Review by Brad WalsethWelcome to the dark carnival - the dark carnival that is our modern world - a place where fun mingles with terror - a world where people sleepwalk through their days without noticing the screams in the shadows. Trombonist and composer Chris Washburne wants to wake us out of our slumber using "postmodern Latin jazz that embraces dissonance." He wants us to "dance to the rhythms" because "Moving your body can be an act of resistance." Fortunately, he and his cohorts in the SYOTOS Band have provided a brilliantly charged soundtrack to this carnival that is sure to wake the brain-dead and snap them, if only momentarily, out of their dangerously comotose "Land of Nod."
The colors of the American flag have paled in Washburne's eyes and the first three tunes are called "Pink," "Off White," and "Blue Gust" to reflect this belief. Superb soloists - led by Washburne's marvelous trombone work, let fly over the intriguingly danceable rhythms. Trumpeter John Walsh, Tenor Sax (and Clarinet) player Ole Mathisen and pianist Barry Olsen join Washburne in raving against the status quo through their smoldering riffs as if they want to incinerate the system through their music. Mathisen's "Op-Ed" is a revolution in motion and his solo is exciting and frightening in its revelations. The band slows the pace with a stunningly beautiful retelling of the Ukranian folk song - "Hyrts, Don't Go to Village Dances" - reminding us of our shared responsibility for our Eastern European brothers, who dwell in poverty, misery and instability.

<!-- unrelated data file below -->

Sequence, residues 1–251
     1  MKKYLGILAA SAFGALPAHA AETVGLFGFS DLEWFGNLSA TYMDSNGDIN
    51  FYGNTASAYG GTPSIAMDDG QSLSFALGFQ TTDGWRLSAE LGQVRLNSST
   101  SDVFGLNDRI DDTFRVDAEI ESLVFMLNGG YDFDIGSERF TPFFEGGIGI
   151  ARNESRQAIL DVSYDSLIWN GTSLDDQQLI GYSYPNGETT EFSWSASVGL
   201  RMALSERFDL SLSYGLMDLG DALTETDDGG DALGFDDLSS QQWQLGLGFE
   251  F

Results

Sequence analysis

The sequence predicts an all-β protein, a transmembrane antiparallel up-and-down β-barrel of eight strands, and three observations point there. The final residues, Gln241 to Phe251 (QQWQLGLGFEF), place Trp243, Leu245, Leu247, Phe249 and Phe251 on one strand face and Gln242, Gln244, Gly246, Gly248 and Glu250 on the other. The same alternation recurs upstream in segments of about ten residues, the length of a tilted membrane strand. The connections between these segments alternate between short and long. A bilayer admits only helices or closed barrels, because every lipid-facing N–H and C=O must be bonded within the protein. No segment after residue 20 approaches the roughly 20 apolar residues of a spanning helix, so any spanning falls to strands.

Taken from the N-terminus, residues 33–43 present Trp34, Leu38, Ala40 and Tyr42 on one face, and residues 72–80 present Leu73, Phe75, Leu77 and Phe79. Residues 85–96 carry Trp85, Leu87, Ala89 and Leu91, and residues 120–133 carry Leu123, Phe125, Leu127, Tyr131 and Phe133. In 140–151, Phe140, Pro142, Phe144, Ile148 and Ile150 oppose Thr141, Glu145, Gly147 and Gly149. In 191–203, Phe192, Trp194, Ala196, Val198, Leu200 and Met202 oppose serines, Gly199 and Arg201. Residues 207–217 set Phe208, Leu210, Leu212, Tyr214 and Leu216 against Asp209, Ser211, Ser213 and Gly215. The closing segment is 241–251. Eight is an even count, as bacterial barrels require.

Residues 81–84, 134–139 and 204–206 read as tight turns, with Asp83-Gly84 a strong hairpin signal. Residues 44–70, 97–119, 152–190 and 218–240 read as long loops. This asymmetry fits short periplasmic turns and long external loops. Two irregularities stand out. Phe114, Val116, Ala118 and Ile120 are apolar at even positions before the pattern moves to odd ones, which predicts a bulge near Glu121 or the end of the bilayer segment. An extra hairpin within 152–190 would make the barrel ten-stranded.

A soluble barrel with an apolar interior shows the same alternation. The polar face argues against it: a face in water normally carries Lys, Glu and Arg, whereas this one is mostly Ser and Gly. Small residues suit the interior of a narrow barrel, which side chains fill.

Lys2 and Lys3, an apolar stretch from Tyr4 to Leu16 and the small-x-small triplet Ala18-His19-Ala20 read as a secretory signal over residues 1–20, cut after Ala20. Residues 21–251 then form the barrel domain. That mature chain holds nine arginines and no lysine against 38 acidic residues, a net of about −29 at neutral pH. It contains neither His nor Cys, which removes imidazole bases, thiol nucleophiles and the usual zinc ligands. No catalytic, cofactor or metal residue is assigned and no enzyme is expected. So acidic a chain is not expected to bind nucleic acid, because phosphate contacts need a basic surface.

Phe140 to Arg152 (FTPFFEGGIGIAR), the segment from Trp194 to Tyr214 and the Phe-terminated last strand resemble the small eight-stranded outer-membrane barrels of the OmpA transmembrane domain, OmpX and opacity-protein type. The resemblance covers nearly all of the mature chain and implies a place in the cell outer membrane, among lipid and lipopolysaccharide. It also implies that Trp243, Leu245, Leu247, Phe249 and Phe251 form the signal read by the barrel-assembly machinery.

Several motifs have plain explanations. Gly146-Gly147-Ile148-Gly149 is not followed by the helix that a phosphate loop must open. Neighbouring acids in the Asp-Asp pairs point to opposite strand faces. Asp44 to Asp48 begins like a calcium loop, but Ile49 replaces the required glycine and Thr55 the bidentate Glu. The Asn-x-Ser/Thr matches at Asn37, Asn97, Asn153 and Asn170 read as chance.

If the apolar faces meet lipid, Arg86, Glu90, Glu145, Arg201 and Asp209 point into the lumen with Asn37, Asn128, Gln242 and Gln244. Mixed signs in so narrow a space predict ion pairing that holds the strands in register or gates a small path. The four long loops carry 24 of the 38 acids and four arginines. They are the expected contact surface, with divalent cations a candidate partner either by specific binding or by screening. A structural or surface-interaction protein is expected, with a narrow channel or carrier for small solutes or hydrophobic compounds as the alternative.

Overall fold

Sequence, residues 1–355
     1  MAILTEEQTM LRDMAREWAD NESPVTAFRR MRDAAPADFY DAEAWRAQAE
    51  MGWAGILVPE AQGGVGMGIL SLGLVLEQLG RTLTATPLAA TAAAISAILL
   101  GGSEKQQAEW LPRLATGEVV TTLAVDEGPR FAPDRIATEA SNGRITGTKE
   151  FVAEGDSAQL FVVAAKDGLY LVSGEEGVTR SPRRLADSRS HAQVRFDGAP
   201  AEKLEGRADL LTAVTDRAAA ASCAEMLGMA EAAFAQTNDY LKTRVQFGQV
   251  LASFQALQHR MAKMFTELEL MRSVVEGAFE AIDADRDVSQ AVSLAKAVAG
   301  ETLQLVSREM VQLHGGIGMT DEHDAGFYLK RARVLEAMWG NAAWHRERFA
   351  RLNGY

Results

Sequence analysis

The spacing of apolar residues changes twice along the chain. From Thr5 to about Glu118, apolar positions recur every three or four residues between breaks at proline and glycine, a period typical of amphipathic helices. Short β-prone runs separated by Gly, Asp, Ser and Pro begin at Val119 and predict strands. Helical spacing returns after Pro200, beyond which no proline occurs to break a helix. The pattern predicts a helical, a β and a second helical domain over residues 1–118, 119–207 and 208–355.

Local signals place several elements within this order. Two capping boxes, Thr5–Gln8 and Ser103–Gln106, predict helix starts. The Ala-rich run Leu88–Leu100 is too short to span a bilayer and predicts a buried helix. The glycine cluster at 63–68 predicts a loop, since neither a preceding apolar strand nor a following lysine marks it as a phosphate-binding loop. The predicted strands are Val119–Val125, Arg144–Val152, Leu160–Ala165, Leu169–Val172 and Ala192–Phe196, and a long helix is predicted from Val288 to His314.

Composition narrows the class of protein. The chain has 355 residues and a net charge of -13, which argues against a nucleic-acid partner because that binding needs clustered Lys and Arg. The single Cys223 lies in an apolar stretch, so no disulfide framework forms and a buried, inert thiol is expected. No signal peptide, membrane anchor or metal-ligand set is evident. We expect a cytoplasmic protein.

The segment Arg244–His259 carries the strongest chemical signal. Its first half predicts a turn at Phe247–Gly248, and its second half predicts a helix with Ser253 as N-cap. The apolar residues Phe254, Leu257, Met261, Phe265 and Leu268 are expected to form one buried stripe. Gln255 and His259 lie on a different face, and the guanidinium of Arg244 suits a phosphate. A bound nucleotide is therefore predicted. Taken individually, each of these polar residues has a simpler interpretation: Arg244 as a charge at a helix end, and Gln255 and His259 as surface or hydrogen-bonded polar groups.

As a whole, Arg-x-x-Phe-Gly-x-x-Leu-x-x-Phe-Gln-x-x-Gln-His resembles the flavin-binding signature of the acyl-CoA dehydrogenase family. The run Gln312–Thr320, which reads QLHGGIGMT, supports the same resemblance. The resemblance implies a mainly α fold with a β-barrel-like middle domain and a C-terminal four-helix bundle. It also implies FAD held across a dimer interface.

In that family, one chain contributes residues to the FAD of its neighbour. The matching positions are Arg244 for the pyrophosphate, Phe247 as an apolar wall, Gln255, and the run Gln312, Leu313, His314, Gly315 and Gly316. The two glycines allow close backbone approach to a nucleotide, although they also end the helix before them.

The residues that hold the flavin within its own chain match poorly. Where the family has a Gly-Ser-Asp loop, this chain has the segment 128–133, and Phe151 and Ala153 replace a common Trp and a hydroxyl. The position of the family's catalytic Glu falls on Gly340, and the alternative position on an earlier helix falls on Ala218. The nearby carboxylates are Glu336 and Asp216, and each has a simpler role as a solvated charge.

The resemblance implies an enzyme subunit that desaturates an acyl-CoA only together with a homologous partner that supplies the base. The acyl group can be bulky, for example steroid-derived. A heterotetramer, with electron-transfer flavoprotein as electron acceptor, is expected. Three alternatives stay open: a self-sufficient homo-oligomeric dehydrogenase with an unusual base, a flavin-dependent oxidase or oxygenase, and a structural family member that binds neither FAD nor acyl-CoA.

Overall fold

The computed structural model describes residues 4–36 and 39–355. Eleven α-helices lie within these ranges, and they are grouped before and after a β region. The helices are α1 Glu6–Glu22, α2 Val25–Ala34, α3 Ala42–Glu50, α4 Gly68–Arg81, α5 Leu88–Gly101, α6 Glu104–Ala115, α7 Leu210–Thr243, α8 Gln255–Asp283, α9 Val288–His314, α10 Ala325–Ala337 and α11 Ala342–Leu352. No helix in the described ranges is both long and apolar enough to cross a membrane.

"Guantanamo" follows and uses shifting Afro-Cuban musical forms, a Greek Chorus of horns and Walsh's angry muted trumpet to make a point about an immoral, illegal situation taking place nearly inside our borders - seemingly outside our blinders. "Land of Nod"'s piano mocks, while the taunting theme dares the sleepers to awake. Walsh again provides a stinging rebuke, while Olsen offers the promise of sanity in chaos in his solo. Washburne has the final word and it is a solo of wonderful strength and passion. Throughout, Leo Traversa on bass, and Vince Cherico on drums, and Chembo Corniel on congas provide volcanic rhythm.
"Peace" is offered twice - first Ornette Coleman's - with stunning solos by Washburne and Mathisen again. Then Horace Silver's lovely composition, with Washburne displaying his ability to play smooth, quiet and rend your heart, ends this intense recording in a contemplative mood. Washburne (who originally studied at the University of Wisconsin) is currently a professor of music at Columbia, and is one of the most intelligent and interesting thinkers in modern music, as well as being perhaps the most important trombonist performing today. Ultimately, this recording is grave, yet fun; exhilarating, yet with an undercurrent of great sadness; intricate music that energizes and makes you think even while you tap your foot.